4. Donnie & Allison’s Orphan Black Duet
So how did we land on Donnie and Alison’s bittersweet duet that closed out episode 3? Well first of all, we’ve always had a soft spot for our favorite neurotic soccer mom turned drug dealer and her former monitor turned teddy bear accomplice. “Beneath Her Heart” served as closure for the whole drug and murdered body of Dr. Leekie hidden in the garage storyline for the Hendrixes and it was a NAILBITER. (Sage and I the whole time: #ProtectDonnie.) It culminates with Donnie accidentally drinking Alison’s pill-laced cocktail and collapsing in front of the whole school during his performance at the fair. Almost losing her husband is a sobering moment for Alison and she decides she needs to walk away and find herself outside of this whole mess. It’s such a sweet moment as she and Donnie sit down and sing together because it’s so full of hope. Hope for the future, hope for them as both a couple and individuals. Orphan Black worked best when it was a complex character study of all these wildly complicated women who happened to share the same DNA. The final season did right by every single one of them and that’s why this moment stands out so much. Plus Alison’s journey of self discovery brought her back to us with purple hair and who can argue with that? — Kim
5. Frank and Karen in the Elevator on The Punisher
As far as I’m concerned, Daredevil Season 2 did a thorough job of establishing that Matt and Karen are not and have never been right for each other, and the arrival of Frank Castle was a big part of that. So by the time The Punisher came around, Frank and Karen were already solid OTP status for me. Deborah Ann Woll only appears in a handful of episodes in the first season, but what an arc it is. I could talk about how Frank starts calling her by her name instead of “ma’am” or how it’s like she can finally breathe again when she gets her arms around him for the first time. I could talk about how Frank tells Sarah that he might have found something to care about and hold onto or how he tells David that Karen is his “family.” But today, I want to talk to you about the elevator scene, aka the last time we see the journalist in Season 1.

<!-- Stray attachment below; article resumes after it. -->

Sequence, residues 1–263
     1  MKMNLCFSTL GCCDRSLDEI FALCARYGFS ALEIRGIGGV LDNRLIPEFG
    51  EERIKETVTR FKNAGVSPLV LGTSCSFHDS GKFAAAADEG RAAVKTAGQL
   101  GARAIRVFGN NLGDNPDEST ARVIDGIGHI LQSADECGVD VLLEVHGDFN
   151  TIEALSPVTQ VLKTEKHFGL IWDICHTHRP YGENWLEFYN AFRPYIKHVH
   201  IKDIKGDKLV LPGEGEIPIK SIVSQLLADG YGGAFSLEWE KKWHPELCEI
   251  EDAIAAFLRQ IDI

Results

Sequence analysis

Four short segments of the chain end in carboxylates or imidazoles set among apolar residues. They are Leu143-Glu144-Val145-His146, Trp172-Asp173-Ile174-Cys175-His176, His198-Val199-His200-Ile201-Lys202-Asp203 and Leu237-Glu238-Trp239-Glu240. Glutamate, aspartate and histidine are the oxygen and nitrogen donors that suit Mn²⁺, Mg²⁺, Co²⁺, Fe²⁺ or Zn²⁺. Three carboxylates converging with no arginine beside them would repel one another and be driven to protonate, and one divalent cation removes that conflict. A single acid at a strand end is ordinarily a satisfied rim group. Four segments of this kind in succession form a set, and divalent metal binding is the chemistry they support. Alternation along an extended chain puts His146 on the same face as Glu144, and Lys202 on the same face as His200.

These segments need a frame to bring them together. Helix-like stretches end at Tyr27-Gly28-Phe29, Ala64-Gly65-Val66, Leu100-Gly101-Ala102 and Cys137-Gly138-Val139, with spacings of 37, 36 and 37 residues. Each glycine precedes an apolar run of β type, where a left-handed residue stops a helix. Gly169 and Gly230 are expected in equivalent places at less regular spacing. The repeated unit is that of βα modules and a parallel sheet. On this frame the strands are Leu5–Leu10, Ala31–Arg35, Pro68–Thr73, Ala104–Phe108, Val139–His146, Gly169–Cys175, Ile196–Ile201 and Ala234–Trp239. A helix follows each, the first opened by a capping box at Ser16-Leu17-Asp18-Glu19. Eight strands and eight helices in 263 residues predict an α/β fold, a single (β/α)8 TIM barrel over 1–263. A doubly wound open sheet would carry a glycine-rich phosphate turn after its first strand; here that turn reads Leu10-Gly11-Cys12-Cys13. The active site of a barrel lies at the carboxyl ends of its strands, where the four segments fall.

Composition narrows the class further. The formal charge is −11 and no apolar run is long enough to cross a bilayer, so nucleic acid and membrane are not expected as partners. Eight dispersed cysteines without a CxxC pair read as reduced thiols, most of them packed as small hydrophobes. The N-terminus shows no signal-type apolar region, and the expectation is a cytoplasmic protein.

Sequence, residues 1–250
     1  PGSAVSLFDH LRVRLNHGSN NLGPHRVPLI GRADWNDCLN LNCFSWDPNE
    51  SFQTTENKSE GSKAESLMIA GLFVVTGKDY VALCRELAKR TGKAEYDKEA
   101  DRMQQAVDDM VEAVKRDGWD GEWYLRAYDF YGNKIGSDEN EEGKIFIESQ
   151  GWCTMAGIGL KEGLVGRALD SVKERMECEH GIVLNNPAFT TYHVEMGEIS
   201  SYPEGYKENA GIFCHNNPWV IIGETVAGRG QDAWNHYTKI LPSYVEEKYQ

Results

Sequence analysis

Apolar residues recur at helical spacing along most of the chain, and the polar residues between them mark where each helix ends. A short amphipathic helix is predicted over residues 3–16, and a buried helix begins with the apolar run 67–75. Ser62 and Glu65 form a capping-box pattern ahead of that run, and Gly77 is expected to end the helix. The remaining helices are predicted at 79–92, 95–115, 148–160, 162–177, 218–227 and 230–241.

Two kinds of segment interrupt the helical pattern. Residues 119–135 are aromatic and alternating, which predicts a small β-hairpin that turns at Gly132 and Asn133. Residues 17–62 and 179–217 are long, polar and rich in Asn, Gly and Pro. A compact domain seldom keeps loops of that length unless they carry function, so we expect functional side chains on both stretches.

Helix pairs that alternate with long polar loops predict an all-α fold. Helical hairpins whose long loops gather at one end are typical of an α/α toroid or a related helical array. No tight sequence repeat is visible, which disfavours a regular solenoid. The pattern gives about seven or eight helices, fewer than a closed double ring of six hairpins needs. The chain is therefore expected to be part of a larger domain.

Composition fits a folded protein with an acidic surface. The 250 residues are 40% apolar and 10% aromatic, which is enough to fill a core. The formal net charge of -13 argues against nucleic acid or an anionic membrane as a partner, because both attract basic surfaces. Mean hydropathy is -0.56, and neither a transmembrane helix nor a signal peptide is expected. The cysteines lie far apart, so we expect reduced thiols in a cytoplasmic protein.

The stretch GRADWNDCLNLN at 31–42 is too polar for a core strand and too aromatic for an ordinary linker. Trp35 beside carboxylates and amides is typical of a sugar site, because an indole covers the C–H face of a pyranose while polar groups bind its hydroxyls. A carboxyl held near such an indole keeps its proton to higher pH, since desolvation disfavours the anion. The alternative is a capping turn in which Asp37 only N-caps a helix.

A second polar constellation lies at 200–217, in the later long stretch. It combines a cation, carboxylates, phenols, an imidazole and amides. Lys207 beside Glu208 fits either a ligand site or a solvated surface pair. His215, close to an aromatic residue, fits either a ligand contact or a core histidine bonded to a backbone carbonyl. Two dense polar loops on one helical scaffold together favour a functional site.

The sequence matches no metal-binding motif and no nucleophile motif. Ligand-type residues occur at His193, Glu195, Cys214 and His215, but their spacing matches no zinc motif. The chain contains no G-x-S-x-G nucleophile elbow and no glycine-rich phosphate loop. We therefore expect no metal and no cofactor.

It’s the standout episode, first of all, which goes down non-linearly in a hotel when the troubled Lewis attempts to assassinate a senator. Lewis takes Karen hostage (Frank: “I will come for you.” Me: *perishes*), and just when I think the show is about to damsel her, she and Frank orchestrate her escape together. The cops show up after Lewis detonates the bomb he’s wearing, and whoops, Frank is still very, very wanted. So this non-verbal communication THING that they have re-engages again — Karen lets Frank put a gun under her chin so they can escape. Once they’re safely on the elevator, only few words are spoken, because they’re not necessary in this moment. Frank hands the gun off to Karen without instruction; she can handle herself. And they both know that he has to get up and away immediately. So they stand there together and just LOOK at each other, covered in their own blood, and probably each other’s. I think a lot of us were hoping for a kiss this season, but somehow this form of contact — their foreheads pressed together — seems even more loaded. And it’s not just UST — it’s exhaustion and loneliness and despair and resolution. They’re acknowledging that they did for each other — what they WOULD do for each other. It’s star-crossed and fucked up and SO delicious.
Deborah Ann Woll and Jon Bernthal are just electric together, and they played this almost dialogue-free scene with such desperation and connection. I can’t wait to see how this dynamic develops as the Netflix/Marvel universe moves forward. –Sage
6. Karen Says Goodbye to Rosario on Will & Grace – K